As ever, the latest labour market findings from the Office for National Statistics (ONS) offer good and bad news. Employment figures are steadily improving since the recession, but in the volatile stages of recovery not even the bulls are counting their chickens. May showed the steepest drop in permanent staff availability since November 1997, forcing all other metrics swiftly and markedly upwards.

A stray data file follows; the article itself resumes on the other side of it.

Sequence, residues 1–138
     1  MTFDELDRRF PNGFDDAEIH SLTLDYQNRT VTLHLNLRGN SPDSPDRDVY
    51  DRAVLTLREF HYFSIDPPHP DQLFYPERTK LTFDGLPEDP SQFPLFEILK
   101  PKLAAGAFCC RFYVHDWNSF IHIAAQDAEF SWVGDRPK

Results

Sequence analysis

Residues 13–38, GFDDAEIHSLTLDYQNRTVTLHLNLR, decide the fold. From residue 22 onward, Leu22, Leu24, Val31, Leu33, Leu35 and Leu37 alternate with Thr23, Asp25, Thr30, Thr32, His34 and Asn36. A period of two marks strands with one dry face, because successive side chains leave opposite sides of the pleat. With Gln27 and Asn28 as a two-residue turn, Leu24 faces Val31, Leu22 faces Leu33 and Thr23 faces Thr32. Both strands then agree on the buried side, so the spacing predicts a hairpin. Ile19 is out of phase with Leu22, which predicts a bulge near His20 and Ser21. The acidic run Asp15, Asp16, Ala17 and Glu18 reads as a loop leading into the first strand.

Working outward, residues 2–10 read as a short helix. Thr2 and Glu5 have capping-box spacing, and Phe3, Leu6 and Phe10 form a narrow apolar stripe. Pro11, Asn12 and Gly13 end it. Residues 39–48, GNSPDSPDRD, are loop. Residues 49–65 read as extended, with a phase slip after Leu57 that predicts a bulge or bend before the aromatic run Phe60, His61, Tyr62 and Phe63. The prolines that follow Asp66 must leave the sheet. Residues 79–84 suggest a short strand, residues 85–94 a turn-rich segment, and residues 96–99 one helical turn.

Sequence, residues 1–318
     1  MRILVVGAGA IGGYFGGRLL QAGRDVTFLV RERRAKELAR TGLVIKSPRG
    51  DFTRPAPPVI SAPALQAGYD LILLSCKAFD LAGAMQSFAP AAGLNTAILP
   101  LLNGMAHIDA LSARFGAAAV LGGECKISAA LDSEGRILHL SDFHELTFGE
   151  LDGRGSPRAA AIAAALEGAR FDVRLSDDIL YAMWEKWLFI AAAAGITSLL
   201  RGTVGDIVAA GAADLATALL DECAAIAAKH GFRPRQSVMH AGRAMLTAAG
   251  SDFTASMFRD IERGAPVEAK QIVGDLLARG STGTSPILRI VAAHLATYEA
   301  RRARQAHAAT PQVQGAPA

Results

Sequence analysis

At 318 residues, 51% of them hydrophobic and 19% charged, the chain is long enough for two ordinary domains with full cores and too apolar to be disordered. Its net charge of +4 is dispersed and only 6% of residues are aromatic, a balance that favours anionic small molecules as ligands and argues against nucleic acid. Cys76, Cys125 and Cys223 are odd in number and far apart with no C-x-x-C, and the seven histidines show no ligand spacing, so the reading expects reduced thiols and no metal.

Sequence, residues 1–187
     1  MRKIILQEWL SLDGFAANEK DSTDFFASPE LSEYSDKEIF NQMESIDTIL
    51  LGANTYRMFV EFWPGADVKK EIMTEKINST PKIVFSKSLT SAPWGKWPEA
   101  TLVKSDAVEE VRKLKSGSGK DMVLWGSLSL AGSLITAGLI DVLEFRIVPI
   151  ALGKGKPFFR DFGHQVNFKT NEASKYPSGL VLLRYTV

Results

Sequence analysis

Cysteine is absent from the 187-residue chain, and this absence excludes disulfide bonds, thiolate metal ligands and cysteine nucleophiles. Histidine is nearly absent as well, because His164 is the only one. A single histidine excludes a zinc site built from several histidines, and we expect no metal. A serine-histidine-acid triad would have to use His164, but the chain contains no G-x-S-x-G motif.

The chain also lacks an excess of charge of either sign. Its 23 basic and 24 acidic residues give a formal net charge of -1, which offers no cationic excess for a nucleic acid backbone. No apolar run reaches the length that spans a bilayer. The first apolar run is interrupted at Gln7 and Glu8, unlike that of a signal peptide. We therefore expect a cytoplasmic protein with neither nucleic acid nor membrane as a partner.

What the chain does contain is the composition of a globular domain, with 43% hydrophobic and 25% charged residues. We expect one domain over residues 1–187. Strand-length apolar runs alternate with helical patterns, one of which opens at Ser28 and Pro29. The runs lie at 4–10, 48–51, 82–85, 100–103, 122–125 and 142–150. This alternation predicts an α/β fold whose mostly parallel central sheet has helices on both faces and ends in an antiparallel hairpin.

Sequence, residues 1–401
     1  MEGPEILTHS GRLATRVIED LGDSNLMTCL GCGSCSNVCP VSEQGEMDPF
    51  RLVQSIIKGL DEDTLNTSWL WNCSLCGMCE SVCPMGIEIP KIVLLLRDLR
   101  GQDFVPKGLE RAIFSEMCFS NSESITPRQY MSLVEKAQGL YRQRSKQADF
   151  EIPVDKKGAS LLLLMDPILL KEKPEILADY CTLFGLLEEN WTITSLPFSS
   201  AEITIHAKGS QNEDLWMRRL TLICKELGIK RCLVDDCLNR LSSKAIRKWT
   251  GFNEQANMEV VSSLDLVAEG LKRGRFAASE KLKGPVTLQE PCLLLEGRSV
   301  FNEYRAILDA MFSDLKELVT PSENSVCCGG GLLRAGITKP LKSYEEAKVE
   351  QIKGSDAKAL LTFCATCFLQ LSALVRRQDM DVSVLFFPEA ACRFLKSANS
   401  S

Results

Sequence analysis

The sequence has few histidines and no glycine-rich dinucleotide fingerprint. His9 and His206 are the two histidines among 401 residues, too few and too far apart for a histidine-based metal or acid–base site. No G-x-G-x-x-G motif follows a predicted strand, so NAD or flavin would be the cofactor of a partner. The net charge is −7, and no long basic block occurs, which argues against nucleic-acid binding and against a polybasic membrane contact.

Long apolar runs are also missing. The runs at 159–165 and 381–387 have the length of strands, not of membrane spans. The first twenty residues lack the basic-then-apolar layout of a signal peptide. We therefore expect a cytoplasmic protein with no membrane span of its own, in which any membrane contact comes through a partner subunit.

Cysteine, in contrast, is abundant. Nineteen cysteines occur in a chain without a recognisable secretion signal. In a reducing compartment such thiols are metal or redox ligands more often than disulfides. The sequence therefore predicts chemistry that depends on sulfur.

Those who should welcome these statistics are job seekers, providing that they can distinguish themselves from the crowd in the competition for almost 200,000 new full-time jobs created in the last quarter. Young job seekers and graduates in particular have cause to be much more optimistic than they were in previous markets; this increase may, according to Gerwyn Davies, the CIPD’s Labour Market Adviser, be due to ‘growth in formal training schemes’ and the proliferate trend in employers to pay attention to their future talent pipeline and their desire to nurture home-grown talent. This is reflected in the metrics; the unemployment rate for 16 to 24 year olds has decreased by 1.3%, to 18.5%, continuing a trend from previous years (it decreased by 2% from 2012—2013). Thankfully this decrease is proving to be consistent, but it must be understood in context; whilst it is an impressive improvement from the all time high of 21.9%, when youth unemployment reached a shocking one million in the UK in November 2011, 18.5% is still much too far from zero for us to get comfortable.